1. Pigments: Pigments are finely ground color particles that provide the paint with its hue and color. These pigments can be organic or inorganic compounds, and they come in a wide range of colors. The choice of pigments determines the color quality and lightfastness of the acrylic paint.
  2. Acrylic Polymer Emulsion: The second key component of acrylic paint is the binder, which is commonly an acrylic polymer emulsion. This is a water-based substance made of acrylic polymer particles suspended in water. The emulsion acts as the binder that holds the pigment particles together and adheres the paint to the painting surface. 
  3. Vehicle: Acrylic paint's vehicle is water-based, meaning that its primary liquid component is water. The vehicle is the liquid substance that carries the pigment particles and allows the paint to be spread and applied to a surface.
  4. Other ingredients: Acrylic paint may also contain various additives to improve its performance and characteristics. These additives can include thickeners to control the paint's consistency, stabilizers to enhance shelf life, retarders to slow drying time, and flow enhancers to improve brushwork and flow. Some acrylic paints may also contain fillers to modify the texture or opacity of the paint.

A hand swatching some paint pigments

II. History of Acrylic Painting

The history of acrylic painting is a relatively short one compared to other traditional painting mediums, such as oil painting. It all began with early developments in the 1930s when chemists and artists laid the groundwork for what would become acrylic paint. Among them was German chemist Otto Röhm, who, in 1901, synthesized acrylic resin, and in the 1930s, the acrylic polymer emulsion was developed by BASF. People initially used it for household painting purposes due to its easy-to-clean, quick-drying nature. During this time that Mexican muralist David Alfaro Siqueiros also experimented with early forms of acrylic paint, employing it to create murals that showcased its potential.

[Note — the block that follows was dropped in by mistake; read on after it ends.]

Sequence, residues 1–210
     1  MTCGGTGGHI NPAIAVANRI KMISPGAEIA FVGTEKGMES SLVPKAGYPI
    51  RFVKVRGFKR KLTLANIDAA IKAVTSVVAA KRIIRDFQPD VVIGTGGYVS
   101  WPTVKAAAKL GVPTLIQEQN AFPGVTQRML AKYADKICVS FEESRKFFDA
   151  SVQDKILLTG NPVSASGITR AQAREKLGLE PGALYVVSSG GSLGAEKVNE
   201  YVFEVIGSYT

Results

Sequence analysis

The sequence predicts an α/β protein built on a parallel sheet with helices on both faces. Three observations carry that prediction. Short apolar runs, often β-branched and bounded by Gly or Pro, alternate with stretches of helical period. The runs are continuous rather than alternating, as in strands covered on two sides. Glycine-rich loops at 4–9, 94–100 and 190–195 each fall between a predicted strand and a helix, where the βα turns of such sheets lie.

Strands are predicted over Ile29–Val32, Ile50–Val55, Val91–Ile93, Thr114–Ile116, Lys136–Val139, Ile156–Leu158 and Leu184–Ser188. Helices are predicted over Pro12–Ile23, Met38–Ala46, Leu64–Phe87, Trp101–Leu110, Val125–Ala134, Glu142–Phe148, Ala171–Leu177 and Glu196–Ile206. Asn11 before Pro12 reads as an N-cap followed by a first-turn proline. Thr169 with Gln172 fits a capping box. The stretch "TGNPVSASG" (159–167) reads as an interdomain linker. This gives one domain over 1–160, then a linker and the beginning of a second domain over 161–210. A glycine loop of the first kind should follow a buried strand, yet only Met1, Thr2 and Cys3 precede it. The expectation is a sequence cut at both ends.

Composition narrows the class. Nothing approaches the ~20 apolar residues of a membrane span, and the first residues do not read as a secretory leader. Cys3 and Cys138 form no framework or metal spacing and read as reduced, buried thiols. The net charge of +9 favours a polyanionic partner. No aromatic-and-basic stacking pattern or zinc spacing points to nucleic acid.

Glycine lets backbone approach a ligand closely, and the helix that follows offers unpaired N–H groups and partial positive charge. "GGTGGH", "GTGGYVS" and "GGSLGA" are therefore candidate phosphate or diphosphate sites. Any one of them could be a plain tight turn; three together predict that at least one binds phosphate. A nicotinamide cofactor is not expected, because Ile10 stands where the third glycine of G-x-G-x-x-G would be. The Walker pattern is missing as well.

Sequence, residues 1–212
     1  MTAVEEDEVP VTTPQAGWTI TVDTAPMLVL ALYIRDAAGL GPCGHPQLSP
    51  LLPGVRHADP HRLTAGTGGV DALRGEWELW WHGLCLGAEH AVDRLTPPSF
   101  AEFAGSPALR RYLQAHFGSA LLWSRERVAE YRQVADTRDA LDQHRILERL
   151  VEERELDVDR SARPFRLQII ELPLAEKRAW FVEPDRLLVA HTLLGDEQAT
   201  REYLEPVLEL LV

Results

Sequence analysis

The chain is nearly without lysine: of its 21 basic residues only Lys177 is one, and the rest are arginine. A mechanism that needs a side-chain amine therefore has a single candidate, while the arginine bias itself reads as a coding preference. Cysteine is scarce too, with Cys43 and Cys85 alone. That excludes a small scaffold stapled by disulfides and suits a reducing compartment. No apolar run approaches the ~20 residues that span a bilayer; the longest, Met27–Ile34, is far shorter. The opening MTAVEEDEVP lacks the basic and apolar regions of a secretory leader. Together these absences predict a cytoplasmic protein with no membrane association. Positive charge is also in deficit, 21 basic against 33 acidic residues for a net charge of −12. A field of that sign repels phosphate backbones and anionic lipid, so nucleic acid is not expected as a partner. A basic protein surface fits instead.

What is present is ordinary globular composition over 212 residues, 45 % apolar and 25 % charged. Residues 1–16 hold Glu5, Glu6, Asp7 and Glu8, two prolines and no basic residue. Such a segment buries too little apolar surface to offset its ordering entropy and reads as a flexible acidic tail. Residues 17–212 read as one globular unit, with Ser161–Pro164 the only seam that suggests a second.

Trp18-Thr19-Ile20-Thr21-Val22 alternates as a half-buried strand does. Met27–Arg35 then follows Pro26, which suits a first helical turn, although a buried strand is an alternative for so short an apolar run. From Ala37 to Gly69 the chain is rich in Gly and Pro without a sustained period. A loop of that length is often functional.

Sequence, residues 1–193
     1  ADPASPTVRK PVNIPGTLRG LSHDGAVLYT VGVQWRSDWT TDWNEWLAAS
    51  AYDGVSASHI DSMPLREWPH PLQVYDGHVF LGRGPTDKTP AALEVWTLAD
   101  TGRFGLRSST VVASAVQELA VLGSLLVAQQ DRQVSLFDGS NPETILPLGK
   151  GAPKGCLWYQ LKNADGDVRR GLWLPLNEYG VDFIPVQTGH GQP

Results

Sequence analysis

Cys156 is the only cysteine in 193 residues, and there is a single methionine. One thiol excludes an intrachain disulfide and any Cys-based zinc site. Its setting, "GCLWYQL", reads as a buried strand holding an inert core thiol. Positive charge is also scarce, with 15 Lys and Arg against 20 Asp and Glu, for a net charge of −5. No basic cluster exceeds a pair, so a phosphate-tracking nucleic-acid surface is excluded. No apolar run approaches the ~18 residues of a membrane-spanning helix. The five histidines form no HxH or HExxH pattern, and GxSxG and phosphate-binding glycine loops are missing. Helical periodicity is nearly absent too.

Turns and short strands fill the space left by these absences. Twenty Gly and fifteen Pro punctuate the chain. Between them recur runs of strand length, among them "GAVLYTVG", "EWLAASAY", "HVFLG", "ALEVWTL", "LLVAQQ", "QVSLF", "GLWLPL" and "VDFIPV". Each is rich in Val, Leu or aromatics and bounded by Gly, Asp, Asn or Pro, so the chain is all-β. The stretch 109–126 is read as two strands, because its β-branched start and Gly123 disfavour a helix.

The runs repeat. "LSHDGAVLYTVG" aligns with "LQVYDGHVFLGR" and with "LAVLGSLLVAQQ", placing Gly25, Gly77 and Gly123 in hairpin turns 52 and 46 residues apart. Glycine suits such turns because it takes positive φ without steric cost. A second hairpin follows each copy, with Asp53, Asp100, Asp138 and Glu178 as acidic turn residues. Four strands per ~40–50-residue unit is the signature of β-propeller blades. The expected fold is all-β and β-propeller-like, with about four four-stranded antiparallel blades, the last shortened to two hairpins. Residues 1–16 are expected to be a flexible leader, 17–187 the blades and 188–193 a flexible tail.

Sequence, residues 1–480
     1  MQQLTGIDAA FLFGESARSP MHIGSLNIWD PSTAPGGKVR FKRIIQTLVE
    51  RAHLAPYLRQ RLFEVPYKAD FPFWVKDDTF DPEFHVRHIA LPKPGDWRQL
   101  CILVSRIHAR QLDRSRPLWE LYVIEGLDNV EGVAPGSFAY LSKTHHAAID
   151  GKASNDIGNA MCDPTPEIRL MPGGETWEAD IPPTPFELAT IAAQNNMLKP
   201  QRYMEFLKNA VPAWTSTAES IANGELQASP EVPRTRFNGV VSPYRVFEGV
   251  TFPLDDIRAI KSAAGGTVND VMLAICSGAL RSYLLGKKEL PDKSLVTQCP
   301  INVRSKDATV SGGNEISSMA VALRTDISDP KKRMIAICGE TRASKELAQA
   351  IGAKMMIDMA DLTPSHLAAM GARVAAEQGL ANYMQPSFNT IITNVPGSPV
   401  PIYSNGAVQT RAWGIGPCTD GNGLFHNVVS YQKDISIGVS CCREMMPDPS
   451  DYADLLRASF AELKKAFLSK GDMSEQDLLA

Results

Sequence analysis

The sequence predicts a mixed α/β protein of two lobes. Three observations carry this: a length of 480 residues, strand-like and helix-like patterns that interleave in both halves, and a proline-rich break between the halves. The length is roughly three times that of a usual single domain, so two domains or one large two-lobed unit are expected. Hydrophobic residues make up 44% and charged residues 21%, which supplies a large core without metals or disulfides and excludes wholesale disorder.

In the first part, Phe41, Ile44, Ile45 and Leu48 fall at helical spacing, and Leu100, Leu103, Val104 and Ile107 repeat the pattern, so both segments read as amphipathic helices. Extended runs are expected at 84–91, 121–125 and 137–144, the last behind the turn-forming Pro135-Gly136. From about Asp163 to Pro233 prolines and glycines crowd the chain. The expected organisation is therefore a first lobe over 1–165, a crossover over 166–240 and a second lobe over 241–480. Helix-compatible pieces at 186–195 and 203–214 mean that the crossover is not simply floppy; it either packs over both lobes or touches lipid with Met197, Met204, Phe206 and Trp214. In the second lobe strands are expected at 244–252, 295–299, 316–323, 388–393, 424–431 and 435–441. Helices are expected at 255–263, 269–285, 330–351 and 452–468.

However, it wasn't until the 1950s that acrylic paint took a significant step forward for the art industry. In 1953, American paint manufacturer Leonard Bocour and chemist Sam Golden collaborated to produce the first commercially available water-based acrylic paint. This product, known as "Magna" acrylic paint, marked the inception of acrylic paint as we know it today. Simultaneously, artists' paint manufacturer Liquitex also began producing acrylic paints, contributing to the medium's early popularity. 

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With its fast-drying properties, versatility, and vibrant color possibilities, acrylic paint quickly gained traction among artists, especially during the 1960s and 1970s in the United States. Renowned artists like Andy Warhol and Roy Lichtenstein embraced acrylic paint, harnessing its potential to create distinct works of art. Because of this development in its use, acrylic painting presented artists with a different approach to painting, encouraging experimentation with various techniques and mixed media applications. 

An acrylic painting hanging on a wall

Advancements and innovations further propelled the popularity of acrylic paint over the years. Paint manufacturers introduced a variety of acrylic mediums, additives, and gels that expanded the creative possibilities for artists. These innovations enabled the creation of textured surfaces, glazes, and other effects, elevating acrylic painting to new heights of artistic expression.